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Fashion School Cat Fights
Even gold-laced couture would seem cheap compared to the multi-faceted rewards that Parsons the New School for Design has received since the Bravo television network started taping episodes of its wildly popular reality show, "Project Runway," three seasons ago on the chic campus in New York City.
Not only has visibility increased -- with commercials for Parsons and the New School, the university that the former Parsons School of Design joined in 1970, interspersed throughout each program -- but so has the enrollment and quality of the fashion program overall, according to Tim Gunn, chair of the Department of Fashion Design at Parsons. He became an instant celebrity after producers with the show decided to cast him as a consultant to the aspiring contestants who battle each week with their intense sewing machine skills -- and intense personalities to match -- to become the latest fashion-forward new kid on the block.
“I’m incredibly proud to be part of it,” says Gunn, in his classic, deeply-intoned “make it work” voice. “I was a little dubious in the beginning -- I thought that our students might think it was fun, but I worried that a reality show could sell out our industry.” The next episode of the season airs tonight at 10 p.m. EDT.
The former dean of Parsons, Randy Swearer, who’s now a consultant on higher education issues, shared some of those initial trepidations. At one point, Swearer told Gunn that the fashion design department was “entirely too overexposed.” Gunn’s response: “This industry is entirely too overexposed.”
Still, the questions continued: “What do we want the image of our institution to be?” Swearer recalls asking Gunn. “Will the school’s image get distorted?”
Some professionals at competing institutions are still asking similar questions, while Gunn and crew laugh all the way to the bank -- of industrial sewing machines. Enrollment in the fashion department is expected to be 540 for this fall, an increase of nearly 100 percent over just a few short years ago. Officials with Parsons say that the resources are there to support the increased demand and that the fashion department is the most profitable division at The New School.
Gunn, who shares plenty of airtime with the show’s host, supermodel Heidi Klum, says that the president of one competing program has implied to industry colleagues that Parsons was second choice to that institution for hosting the show. "I knew full well" that wasn't the case, Gunn recalls with a hearty laugh. He also says that competing institutions have tried to go directly to Bravo to try to steal the program.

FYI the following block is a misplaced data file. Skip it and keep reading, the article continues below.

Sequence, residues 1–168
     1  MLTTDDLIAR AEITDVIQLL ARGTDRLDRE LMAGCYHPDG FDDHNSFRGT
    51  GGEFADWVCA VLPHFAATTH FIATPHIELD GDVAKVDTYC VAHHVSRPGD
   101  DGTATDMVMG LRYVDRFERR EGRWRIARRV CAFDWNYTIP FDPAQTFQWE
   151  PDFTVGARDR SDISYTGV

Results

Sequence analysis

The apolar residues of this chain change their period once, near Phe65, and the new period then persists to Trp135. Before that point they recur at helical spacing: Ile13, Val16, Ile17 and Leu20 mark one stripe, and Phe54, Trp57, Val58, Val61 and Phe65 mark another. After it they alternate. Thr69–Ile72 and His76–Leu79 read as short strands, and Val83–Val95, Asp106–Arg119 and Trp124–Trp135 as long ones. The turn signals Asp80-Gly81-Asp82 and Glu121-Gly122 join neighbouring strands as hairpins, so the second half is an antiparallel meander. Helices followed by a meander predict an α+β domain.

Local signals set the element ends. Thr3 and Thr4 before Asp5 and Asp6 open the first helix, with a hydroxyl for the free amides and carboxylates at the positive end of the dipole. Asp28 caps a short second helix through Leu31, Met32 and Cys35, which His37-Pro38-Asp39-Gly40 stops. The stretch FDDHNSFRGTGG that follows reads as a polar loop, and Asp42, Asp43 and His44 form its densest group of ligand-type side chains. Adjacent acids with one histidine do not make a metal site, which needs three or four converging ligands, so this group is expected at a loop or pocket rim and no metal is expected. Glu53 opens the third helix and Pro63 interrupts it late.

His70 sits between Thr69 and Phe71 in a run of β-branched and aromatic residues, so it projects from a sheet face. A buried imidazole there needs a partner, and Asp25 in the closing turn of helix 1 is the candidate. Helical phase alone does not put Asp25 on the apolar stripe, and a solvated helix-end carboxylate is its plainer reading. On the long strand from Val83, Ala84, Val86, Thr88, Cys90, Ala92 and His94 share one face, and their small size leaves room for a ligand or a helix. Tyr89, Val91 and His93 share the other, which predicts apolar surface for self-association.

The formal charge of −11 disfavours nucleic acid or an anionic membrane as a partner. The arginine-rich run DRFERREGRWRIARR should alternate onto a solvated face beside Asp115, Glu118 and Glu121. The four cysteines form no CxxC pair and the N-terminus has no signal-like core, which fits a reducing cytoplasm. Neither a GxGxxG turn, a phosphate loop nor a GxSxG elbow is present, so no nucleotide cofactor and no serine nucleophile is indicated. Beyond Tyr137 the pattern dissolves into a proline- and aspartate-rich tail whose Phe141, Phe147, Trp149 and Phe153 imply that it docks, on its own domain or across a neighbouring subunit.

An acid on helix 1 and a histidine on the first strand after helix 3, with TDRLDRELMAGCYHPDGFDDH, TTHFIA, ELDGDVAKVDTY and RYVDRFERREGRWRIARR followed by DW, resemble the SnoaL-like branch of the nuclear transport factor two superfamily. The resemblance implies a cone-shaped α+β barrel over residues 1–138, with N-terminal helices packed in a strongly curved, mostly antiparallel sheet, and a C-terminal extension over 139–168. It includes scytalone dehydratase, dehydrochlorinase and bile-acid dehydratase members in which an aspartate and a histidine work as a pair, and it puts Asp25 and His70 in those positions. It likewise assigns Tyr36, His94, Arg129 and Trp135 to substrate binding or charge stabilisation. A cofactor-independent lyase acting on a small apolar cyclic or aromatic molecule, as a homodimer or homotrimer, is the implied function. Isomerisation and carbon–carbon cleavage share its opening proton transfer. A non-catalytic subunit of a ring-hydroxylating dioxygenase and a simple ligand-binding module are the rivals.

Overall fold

“There is always a kind of envy out there,” says Gunn of the institution’s competitors. “What is this industry, if not competitive?”
The buzz-loving Gunn also revels over the increased attention Parsons has received in both the world of higher education and in the fashion industry. “All you used to read about was Fashion Institute of Technology, Fashion Institute of Technology, Fashion Institute of Technology,” he says. “I was determined to leave them in our dust.”
Joanne Arbuckle, assistant chair of fashion design with the Fashion Institute of Technology, says that she’s seen "Project Runway" a few times, but doesn’t see it as anything more than entertainment. “When it boils down to it, it’s just a TV show,” she says, indicating that enrollment in her institution’s fashion programs had been increasing long before "Project Runway" ever hit the runway. About 250 enroll as freshman each year at the institution.
Arbuckle also says that the drama portrayed by dueling divas on the program neglects to highlight the “wonderful teamwork environment” of the higher education experience.
Figures gathered by the National Association of Schools of Art and Design, an accrediting body for fashion departments and institutions, indicate that fashion enrollment is at an all-time high in the U.S., and increasing numbers of non-art focused institutions are beginning fashion and design programs.
Gunn admits that there is a wave of fashion popularity – a “fashion renaissance,” he calls it – but he says that people shouldn’t deemphasize the impact that "Project Runway" is having with today’s students.
Tim Marshall, the dean of Parsons, says it’s hard to pinpoint which came first -- "Project Runway" or increased fashion school interest from students. “Yes, we were already growing before the show,” he says. “But I think there’s been an interesting ripple effect.”
Even far removed from the competitive atmosphere of New York City, academics of fashion say that the program has had an influence on many students.
“The show has helped make fashion very, very popular,” says Donna Reamy, assistant chair of the fashion department at Virginia Commonwealth University. “I think there’s always been an interest in fashion from the aspect of glamour, but now students are really interested in constructing their own designs.”
Reamy believes the program is excellent at showing the process of creating clothes is not all that easy. “Students are seeing the nitty-gritty of our industry like they never could before,” she says.
Does she wish that Heidi Klum and Tim Gunn might one day take a trip out to Virginia for a future episode of "Project Runway"? “Sure,” she laughs. “They can ‘make it work’ here anytime.”
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